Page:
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Pontifications on Poison

Being some ramblings on events associated with poisonous plants.

Monday 4th July 2011

There used to be a season for strawberries. It was a clear sign of the start of summer when mum bought the first small punnet of strawberries to be shared between the four of us. We knew that, in a good year, there would be a time, just a few weeks ahead, when they were so plentiful and so cheap that we’d have as many as we could possibly want. Now, assisted growing techniques, and airfreight, mean that strawberries are an all year round items and some magic has gone out of life.

There used to be a ‘silly season’ for newspapers. Once parliament had risen for the summer and families were off on holiday, the papers didn’t have so many heavy stories and, anyway, assumed their readers didn’t want too much heavy stuff. So, the papers were filled with more light-hearted stories often with only a passing acquaintance with the truth.

Then, along came multi-channel television, the Internet, instant text updates and all the other electronic delivery methods and most people didn’t expect their newspapers to have ‘news’, that is items they hadn’t heard about before. The papers’ response to this has been to try and find ways to cover events that don’t fit the online or digital TV model. This has made it silly season every day.

But, there remains one area where, for purely botanical reasons, a ‘silly season’ story can only happen during the ‘silly season’. Headlines such as ‘Poison arrow plant found in British garden’ or ‘Plant used for poisonous Amazonian arrowheads found in English garden’ or ‘Devil's weed in my geraniums!’ (all genuine headlines from 2010) could only appear when the plant concerned, Datura stramonium, jimsonweed, was in full growth during the summer months.

Datura stramonium, jimsonweed

The papers love it when a story spawns other stories; it makes their work so much easier. The third headline I quoted was over the story of a man who had read a piece about Datura stramonium in someone’s garden and realised that the unknown plant he’d left to see what it became was also jimsonweed.

In my own area, a holidaying couple found the plant growing in the garden of their self-catering accommodation and contacted the local paper. A reporter rang me, hoping to get some juicy quotes about the danger, and was, I think, rather disappointed when I blew cold logic onto his half-written piece.

There are, at least, two major flaws with the stories about jimsonweed. The first is that it is not the rare invader the stories always claim. Every year many thousands of people find they have it growing in their gardens and, because they didn’t plant it, it gets pulled out when only a few inches high and put on the compost.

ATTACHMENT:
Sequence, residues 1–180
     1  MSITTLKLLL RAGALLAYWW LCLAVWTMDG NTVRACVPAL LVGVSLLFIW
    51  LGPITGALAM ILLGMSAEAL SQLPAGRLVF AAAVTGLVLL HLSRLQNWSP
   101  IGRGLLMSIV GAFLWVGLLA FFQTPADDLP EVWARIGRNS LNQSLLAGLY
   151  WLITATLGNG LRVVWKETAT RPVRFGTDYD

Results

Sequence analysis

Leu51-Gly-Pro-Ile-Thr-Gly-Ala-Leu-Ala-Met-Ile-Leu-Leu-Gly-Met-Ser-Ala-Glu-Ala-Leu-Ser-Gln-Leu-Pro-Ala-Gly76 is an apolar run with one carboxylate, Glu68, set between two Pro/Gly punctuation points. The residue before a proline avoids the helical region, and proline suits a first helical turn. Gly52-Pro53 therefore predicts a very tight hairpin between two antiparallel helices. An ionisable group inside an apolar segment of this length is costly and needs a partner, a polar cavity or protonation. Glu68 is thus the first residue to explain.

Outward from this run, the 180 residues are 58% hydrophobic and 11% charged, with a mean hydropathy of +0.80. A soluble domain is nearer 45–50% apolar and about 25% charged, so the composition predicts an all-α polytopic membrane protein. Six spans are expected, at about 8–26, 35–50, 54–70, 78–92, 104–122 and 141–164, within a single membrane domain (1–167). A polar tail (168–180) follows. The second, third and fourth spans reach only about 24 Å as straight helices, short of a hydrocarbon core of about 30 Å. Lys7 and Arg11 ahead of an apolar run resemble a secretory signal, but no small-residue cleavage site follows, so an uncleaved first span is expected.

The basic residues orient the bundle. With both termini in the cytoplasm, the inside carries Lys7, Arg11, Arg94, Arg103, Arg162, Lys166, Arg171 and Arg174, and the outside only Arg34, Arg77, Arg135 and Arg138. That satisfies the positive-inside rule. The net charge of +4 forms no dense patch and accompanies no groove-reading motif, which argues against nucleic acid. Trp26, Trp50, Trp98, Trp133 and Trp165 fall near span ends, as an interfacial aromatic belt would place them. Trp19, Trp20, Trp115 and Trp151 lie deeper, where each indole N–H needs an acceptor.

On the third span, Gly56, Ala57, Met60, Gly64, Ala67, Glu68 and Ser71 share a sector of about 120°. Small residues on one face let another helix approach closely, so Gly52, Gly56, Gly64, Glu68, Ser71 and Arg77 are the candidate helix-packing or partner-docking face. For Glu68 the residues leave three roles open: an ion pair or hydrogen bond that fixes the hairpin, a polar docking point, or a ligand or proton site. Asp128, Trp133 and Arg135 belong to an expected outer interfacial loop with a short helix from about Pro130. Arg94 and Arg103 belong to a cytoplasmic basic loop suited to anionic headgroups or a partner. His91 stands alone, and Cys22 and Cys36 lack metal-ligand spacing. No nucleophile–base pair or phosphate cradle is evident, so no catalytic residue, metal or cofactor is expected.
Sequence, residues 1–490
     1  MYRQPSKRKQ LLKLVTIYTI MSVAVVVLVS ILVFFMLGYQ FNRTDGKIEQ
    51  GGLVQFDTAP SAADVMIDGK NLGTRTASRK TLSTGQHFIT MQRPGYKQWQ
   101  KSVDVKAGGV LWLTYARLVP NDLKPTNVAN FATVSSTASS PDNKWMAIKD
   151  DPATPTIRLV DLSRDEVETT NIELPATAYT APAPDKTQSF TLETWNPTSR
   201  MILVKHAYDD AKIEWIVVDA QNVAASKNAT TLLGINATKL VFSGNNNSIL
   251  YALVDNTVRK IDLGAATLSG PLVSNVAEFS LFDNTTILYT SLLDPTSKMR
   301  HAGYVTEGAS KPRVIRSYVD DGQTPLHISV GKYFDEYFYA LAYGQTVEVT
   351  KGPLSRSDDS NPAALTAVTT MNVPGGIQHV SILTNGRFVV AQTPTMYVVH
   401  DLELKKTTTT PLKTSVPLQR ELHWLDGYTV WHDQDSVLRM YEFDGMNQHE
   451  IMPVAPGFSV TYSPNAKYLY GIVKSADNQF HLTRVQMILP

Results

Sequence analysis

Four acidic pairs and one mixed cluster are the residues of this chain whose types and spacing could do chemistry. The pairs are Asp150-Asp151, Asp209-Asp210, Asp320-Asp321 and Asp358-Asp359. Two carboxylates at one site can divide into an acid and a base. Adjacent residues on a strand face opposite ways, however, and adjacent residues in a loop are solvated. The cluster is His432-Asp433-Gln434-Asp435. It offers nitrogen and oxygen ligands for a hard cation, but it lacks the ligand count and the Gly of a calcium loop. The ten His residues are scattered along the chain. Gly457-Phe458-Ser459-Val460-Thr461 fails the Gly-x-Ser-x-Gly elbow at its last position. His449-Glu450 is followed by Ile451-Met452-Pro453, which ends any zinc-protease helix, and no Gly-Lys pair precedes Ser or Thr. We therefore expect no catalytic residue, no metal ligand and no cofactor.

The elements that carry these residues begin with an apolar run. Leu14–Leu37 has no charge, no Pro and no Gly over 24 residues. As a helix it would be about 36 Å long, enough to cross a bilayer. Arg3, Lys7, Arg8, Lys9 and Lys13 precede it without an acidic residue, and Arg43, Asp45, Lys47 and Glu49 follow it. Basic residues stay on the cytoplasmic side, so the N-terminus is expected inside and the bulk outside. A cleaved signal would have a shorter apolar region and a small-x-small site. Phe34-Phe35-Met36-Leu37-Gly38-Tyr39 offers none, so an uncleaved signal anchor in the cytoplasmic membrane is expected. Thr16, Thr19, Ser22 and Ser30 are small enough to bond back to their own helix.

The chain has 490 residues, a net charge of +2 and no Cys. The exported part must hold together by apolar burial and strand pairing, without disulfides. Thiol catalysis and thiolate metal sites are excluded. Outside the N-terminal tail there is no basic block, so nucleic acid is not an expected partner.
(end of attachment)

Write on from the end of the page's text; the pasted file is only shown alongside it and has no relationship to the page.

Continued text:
And the second flaw is the idea that simply by being there it is dangerous. Poisoning by jimsonweed, though the press tends to favour its less well-known names like devil’s trumpet or devil’s weed, occurs due to ingestion, mostly intentional in the hope of experiencing its hallucinogenic properties. There are very few people whose reaction to an unknown plant springing up in their garden would be ‘I must eat that’. Most of the stories about it say that the gardener knew it was something different and left it to grow to see what it would become making the chance of accidentally eating it even more unlikely.

Of course, there is a small core of truth at the heart of the reporting. Poisoning by Datura stramonium does occur and, in around one third of all cases, death is the result. But, these are people who know what the plant is and believe they can obtain its psychoactive properties without long-term ill effects. They won’t make that mistake again.

It was actually a surprise to find that this year’s first ‘evil plant in garden’ story headlined ‘Toxic plant found in Cleckheaton’ was not about Datura stramonium but the rather more worrying Heracleum mantegazzianum, giant hogweed. I say ‘more worrying’ because disposal of the jimsonweed is simply a matter of pulling it up and throwing it onto the compost. With giant hogweed, you need to take very careful precautions to make sure your skin doesn’t come into any contact with it and you need to dispose of it in such a way that no-one else will unknowingly touch it.

Even worse, if you find that, at some point, giant hogweed seeds have been deposited in the ground you have a long-term problem. Either you spend many years carefully removing young plants as soon as they appear and making sure that no new seed enters the area or you bring in a specialist contractor to remove all the topsoil and replace it with hogweed free material. One man who took this second route told me that to clear an area about the size of a squash court cost him £20,000 including a guarantee that the plant would not return.

In Cleakheaton, it seems, the plant has appeared in an open area so the cost of removal and disposal will fall on the local authority as it already does in many parts of the UK. With budgets tight, it might be that the local council don’t place a high priority on control of this plant but that would be simply creating a much more expensive problem for the future.

Incidentally, if you do find you’ve got Datura stramonium in the garden you’ll probably find your local paper is happy to give you your fifteen minutes of fame but you might be better just enjoying the beauty of its flowers. 

 

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